The limestone terraces in the Huanglong Valley were formed over thousands of years by the washing out of rainwater and now present themselves in immensely colourful ponds, springs, caves and waterfalls. With lush vegetation all around, the beauty of the valley is almost kitschy to behold.
Huanglong is a small village with about 800 inhabitants in the northwest of the Chinese province of Sichuan. The village itself is not as interesting for tourists as its surroundings, the Huanglong Valley, which is almost 4 kilometres long. UNESCO added the limestone terraces around Huanglong to its list of World Natural Heritage Sites in 1992. The beautiful natural spectacle is also on our list of the top 10 sights in China.
Most expensive sight in China
The Huanglong Valley lies in the middle of an area of sandstone and limestone that has been worked by rainwater over thousands of years. Over time, calcite terraces and basins have formed, filled with crystal clear water in supernatural appearing shades of gold, blue, turquoise and green.
Small waterfalls splash over these limestone terraces and make the whole area shine with enormous beauty. As the valley winds through the snow-covered mountain peaks like a dragon, it was also named after him: Huanglong translates as "Yellow Dragon", yellow due to the colour in which the sandstone basins shimmer from high above.
The skies, clouds, forests and mountain peaks around the valley are reflected in the countless ponds and springs and fill every guest with wonder at the art of nature. It is not for nothing that the valley is described with terms like "wonder of the world" or "fairyland" and the entrance fee is accordingly high. In fact, the Huanglong Valley is the most expensive sight in the whole of China. China.
In spring, the breathtaking landscape becomes almost kitschy when the flowering trees and meadows still do their part to add to the blaze of colour, the birds chirp and butterflies flutter among the visitors.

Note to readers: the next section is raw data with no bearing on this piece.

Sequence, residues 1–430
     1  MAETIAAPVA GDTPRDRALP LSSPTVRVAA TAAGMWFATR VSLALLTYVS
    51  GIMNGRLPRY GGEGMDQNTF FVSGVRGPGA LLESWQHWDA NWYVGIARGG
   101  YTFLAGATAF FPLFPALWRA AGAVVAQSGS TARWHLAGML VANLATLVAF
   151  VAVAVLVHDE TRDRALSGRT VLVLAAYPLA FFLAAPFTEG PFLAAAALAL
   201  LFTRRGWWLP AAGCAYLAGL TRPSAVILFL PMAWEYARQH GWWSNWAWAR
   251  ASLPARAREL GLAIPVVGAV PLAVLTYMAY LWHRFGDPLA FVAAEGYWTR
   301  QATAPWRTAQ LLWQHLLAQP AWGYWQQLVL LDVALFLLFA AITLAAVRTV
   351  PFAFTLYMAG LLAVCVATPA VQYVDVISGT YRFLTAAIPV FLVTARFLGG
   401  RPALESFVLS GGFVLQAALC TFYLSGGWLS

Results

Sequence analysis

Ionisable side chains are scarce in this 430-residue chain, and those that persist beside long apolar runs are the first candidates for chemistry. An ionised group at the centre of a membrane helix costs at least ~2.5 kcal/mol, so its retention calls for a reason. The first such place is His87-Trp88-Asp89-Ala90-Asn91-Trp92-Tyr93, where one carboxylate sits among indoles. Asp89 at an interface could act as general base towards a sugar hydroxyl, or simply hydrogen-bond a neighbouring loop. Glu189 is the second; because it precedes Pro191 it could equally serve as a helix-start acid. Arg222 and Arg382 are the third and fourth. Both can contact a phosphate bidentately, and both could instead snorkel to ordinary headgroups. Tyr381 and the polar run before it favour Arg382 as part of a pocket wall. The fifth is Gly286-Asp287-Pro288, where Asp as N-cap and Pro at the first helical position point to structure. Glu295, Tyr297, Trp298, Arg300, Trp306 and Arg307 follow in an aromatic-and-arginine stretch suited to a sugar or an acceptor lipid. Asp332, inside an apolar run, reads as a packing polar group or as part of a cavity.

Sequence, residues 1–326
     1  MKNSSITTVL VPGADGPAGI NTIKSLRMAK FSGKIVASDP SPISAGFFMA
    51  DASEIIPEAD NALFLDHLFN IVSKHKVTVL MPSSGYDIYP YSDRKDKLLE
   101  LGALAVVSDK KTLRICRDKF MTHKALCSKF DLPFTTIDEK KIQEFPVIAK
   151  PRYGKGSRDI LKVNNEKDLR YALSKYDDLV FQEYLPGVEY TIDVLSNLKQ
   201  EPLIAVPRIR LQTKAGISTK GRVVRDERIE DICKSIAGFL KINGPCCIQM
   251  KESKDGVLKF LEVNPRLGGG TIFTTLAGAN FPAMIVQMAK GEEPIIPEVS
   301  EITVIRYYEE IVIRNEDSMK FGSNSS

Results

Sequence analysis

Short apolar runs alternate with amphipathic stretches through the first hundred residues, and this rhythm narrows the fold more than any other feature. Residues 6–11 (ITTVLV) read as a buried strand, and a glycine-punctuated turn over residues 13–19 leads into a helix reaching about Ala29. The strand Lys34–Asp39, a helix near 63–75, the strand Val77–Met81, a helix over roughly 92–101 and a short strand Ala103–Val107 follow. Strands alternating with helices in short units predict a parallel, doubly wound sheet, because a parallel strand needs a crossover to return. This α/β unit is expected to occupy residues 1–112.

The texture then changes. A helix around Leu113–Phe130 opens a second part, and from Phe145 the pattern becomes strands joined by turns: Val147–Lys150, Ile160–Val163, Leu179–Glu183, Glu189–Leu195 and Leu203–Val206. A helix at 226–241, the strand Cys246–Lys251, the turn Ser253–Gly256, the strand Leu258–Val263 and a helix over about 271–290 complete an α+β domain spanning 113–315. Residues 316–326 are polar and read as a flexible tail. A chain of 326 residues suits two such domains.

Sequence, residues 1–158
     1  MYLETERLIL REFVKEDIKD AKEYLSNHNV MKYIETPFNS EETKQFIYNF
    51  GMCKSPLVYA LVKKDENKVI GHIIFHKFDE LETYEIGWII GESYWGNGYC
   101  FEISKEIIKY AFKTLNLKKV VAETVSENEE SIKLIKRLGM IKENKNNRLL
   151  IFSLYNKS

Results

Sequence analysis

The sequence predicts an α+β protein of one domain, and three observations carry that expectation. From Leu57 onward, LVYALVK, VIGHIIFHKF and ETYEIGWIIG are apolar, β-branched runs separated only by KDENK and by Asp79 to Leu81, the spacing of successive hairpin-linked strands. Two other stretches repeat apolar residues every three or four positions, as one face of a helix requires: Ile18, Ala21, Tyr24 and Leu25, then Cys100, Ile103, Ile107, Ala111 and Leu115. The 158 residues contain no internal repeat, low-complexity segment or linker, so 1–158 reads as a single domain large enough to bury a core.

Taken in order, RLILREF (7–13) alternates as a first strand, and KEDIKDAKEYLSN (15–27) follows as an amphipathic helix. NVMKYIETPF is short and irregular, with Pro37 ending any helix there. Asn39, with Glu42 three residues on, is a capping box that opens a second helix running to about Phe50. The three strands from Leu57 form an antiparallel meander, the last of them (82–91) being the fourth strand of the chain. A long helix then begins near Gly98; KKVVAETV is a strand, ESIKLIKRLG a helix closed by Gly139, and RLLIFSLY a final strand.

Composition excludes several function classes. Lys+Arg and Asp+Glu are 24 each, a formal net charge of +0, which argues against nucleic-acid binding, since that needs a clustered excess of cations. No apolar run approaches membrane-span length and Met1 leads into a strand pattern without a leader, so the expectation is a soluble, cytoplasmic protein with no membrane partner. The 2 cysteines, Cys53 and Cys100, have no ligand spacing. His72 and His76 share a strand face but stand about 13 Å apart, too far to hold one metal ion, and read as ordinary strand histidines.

On the way through the basins of the Huanglong Valley
The calcite pools can be walked through via wooden walkways, the hike takes about 3-4 hours. The end of the colourful walk is a Buddhist Huanglong temple, next to which there is also a water basin whose iridescent colourfulness is unsurpassed.
On the way through this wonder of nature, the visitor is offered a number of attractions. Ponds, caves, springs, waterfalls, Buddha figures entirely covered with sintered lime crystals and the Huanglong temples. The most famous are the Bonsai Pond, the Mirror Pond, the Rododendron Pond, the Jade Plant Pond and the Flower Transformation Pond.
Tip: The average temperature in the Huanglong Valley is around 7°C all year round. In the morning and evening, the landscape is often covered in fog due to the high amount of water, and it can be rainy from May to August.
The Huanglong Valley is also important for religion, culture and folklore, as many legends and myths surround its waterfalls and sinter pools. The Xishen Pubu, the waterfall of body purification, for example, is said to have healing powers because the god Xuannu once bathed in it. Numerous endangered animals still have a habitat there, such as the giant panda and the golden snub-nosed monkey.
The surroundings of the Huanglong Valley are also extremely worth seeing. Snow-capped mountain peaks alternate with young forests and winding valleys, such as the Muni Valley. There you will find the largest lake in the area, Lake Erdao, into which the Zhaga Waterfall flows, the largest limestone waterfall in all of China.